Limitations: There is no further analysis on the proposed framework.
Ding et al. (2015)
Multidimensional framework. Trinity of cities sustainability from the time, space and logic dimensions (TCS-SLTD)
Strengths: The process proposed by the tool can adapt to different cities in developing countries.
Limitations: The model points to important trends that have occurred over time in the city such as population growth and urban sprawl but does not detail other important aspects of sustainability assessment.
Sustainable city model, integration between global and local
Strengths: Evaluates the impact of the city beyond its limits, allowing a more integral vision of sustainability and not just the simple transfer of externalities from one region to another.
Limitations: Conditions indicators are a photograph of the city’s moment and do not provide sufficient evidence about the sustainability of the city.
Egilmez et al. (2015)
Fuzzy multi-criteria decision-making approach (MCDM)
Strengths: The integrated methodology that links diffuse MCDM and expert panel can be useful when evaluating multiple positive and negative indicators in impact categories.
Limitations: The beaconing by experts about the importance and relative weight of indicators can bring more efficiency to the model, but risks creating bias in the evaluation.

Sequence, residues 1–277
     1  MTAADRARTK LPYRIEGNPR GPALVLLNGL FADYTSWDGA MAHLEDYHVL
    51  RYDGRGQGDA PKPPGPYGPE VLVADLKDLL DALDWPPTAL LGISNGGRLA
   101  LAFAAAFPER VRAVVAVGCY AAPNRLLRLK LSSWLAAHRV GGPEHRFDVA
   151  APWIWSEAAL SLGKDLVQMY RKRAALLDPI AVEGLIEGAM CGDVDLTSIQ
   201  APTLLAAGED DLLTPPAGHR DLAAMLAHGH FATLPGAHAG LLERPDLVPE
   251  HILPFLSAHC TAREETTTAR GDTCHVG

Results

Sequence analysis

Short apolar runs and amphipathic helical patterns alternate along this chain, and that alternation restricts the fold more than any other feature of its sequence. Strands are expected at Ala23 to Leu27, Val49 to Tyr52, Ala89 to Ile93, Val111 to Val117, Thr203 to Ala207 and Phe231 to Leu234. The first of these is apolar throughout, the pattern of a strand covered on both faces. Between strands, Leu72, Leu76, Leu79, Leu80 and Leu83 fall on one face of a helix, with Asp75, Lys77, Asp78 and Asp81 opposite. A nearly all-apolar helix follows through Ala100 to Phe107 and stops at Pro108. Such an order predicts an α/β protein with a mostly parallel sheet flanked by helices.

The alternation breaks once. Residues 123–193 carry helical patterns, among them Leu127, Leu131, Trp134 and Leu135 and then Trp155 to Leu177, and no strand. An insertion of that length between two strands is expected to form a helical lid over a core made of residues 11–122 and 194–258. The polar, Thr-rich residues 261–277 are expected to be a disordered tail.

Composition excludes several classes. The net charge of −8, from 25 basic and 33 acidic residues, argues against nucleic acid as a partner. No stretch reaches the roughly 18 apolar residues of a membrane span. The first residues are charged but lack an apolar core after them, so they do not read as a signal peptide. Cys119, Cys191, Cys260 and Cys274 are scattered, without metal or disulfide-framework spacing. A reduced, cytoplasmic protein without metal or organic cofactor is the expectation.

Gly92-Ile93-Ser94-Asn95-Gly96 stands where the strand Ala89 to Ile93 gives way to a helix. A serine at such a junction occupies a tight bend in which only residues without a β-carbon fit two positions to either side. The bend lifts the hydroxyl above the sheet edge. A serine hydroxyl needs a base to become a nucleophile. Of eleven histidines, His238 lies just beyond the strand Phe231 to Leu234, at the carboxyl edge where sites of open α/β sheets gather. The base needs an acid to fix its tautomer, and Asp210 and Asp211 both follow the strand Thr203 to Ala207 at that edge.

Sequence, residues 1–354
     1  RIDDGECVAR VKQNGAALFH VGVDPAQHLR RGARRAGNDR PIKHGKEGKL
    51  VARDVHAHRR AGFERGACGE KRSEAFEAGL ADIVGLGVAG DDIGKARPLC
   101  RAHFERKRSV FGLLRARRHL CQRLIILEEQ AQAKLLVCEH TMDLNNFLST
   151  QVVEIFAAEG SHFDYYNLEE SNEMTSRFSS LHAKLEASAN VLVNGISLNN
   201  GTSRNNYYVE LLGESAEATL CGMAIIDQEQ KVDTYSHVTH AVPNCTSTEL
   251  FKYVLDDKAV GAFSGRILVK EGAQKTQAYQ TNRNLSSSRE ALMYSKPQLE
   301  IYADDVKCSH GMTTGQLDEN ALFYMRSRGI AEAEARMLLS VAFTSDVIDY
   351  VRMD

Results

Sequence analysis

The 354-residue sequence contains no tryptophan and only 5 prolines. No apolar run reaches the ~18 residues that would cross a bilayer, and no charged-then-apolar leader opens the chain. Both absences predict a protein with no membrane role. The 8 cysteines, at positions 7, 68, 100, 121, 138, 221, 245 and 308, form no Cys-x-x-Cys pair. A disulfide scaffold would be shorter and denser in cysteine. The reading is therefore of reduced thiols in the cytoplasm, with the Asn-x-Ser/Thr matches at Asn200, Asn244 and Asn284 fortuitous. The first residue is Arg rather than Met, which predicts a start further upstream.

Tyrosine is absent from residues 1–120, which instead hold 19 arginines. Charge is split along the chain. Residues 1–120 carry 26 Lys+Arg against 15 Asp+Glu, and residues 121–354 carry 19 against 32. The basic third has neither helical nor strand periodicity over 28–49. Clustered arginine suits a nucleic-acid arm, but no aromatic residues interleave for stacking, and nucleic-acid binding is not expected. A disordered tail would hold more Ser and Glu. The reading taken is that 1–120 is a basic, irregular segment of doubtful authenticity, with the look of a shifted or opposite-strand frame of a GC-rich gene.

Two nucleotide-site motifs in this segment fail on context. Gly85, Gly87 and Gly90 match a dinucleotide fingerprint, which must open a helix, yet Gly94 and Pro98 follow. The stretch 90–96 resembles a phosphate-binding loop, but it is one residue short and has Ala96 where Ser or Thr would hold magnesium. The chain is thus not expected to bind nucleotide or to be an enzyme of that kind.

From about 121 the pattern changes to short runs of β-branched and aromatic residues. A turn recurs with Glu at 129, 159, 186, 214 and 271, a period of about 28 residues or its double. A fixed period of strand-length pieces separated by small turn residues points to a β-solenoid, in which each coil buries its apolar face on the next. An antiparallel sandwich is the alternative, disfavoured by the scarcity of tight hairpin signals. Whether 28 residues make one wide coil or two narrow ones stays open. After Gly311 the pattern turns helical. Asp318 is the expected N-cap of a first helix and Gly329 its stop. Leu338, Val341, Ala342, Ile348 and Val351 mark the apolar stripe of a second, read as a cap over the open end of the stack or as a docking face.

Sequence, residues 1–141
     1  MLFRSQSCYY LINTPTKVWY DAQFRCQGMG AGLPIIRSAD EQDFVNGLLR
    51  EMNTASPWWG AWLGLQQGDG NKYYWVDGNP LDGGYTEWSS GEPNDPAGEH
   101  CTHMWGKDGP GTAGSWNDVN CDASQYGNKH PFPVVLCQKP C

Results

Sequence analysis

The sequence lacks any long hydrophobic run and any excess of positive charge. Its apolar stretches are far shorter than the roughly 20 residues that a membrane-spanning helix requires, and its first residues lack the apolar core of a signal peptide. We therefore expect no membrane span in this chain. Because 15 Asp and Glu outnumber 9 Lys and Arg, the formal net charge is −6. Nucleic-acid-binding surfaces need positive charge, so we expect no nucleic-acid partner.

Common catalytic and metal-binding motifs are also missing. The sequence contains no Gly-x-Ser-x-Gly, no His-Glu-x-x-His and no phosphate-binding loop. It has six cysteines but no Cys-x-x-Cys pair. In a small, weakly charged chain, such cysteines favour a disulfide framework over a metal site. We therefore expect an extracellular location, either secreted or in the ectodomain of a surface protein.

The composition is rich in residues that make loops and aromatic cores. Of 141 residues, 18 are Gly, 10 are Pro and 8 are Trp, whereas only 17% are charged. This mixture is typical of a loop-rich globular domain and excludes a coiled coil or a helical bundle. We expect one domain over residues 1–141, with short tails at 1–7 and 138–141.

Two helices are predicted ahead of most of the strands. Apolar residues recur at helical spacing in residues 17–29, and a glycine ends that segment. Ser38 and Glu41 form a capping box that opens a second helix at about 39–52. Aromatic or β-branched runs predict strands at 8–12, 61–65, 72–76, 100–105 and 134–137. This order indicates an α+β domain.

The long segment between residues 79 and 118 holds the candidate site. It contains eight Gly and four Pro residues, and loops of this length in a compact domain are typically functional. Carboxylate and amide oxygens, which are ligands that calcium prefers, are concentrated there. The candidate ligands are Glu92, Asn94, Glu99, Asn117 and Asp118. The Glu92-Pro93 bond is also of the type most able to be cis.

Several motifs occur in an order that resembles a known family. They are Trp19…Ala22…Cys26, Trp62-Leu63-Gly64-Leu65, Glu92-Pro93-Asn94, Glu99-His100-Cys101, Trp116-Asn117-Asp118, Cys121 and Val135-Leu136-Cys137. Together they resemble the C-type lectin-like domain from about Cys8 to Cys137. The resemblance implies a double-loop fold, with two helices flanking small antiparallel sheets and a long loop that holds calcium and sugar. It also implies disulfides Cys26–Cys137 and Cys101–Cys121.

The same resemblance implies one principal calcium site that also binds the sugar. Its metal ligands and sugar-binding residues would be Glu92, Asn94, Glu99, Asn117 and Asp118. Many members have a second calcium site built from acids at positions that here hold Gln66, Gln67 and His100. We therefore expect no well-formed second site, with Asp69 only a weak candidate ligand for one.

Urban metabolism. Transportation systems
Strengths: The proposed methodology is made on urban metabolism and sustainability indicators to evaluate urban sustainability. Limitations: the study integrates environmental, economic and social dimensions of sustainability, but is limited to the transportation sector.
Liu et al. (2014)
Cases analysis of concept cities in China
Strengths: The study analyses the objectives and indicators of cities with different concepts: Tangshan Bay (Eco-city), Baoding (Low-carbon city), Shenzhen (Low-carbon eco-city)
Limitations: The proposed metabolic thinking and eco-model seems tailored for Tangshan Bay and difficult to replicate to other concept cities
Maiello et al. (2011)
Case studies to unidisciplinary, multidisciplinary and transdisciplinary visions
Strengths: Highlights the need of transdisciplinary vision to promote sustainable cities. Presents the relation between knowledge and urban sustainability.
Limitations: Analysed cities are restricted to Tuscany region in Italy. Multidimensional analysis was built in unidimensional scenario.
Monfaredzadeh and Berardi (2015)
Comparative analysis between smart cities, sustainable cities and competitive cities
Strengths: Demonstrate how each system of cities emphasise certain issues that reveals some contradictions that emerge when trying to tackle a different concept for which the given city assessment system was built.
Limitations: There is no specific recommendations on how each of these systems can be improved.
Mori and Yamashita (2015)
Assessment framework of the city sustainability index (CSI)
Strengths: The analysis uses five examples of city sustainability assessment in order to judge and compare the results.
Limitations: Constraint indicators should set clear limits for sustainability.
Phillis et al. (2017)
Combination of statistical smoothing with fuzzy logic sustainability assessment by fuzzy evaluation (SAFE)
Strengths: It points to the three indicators with the greatest potential for improvement. Allows comparability.
Limitations: Subjectivity in the choice of indicators.
Prata et al. (2014)
Urban metabolism, and material flows
Limitations: The demonstration of impact on CO2 emissions reduction is clear, but not enough to capture other sustainability aspects that a city has.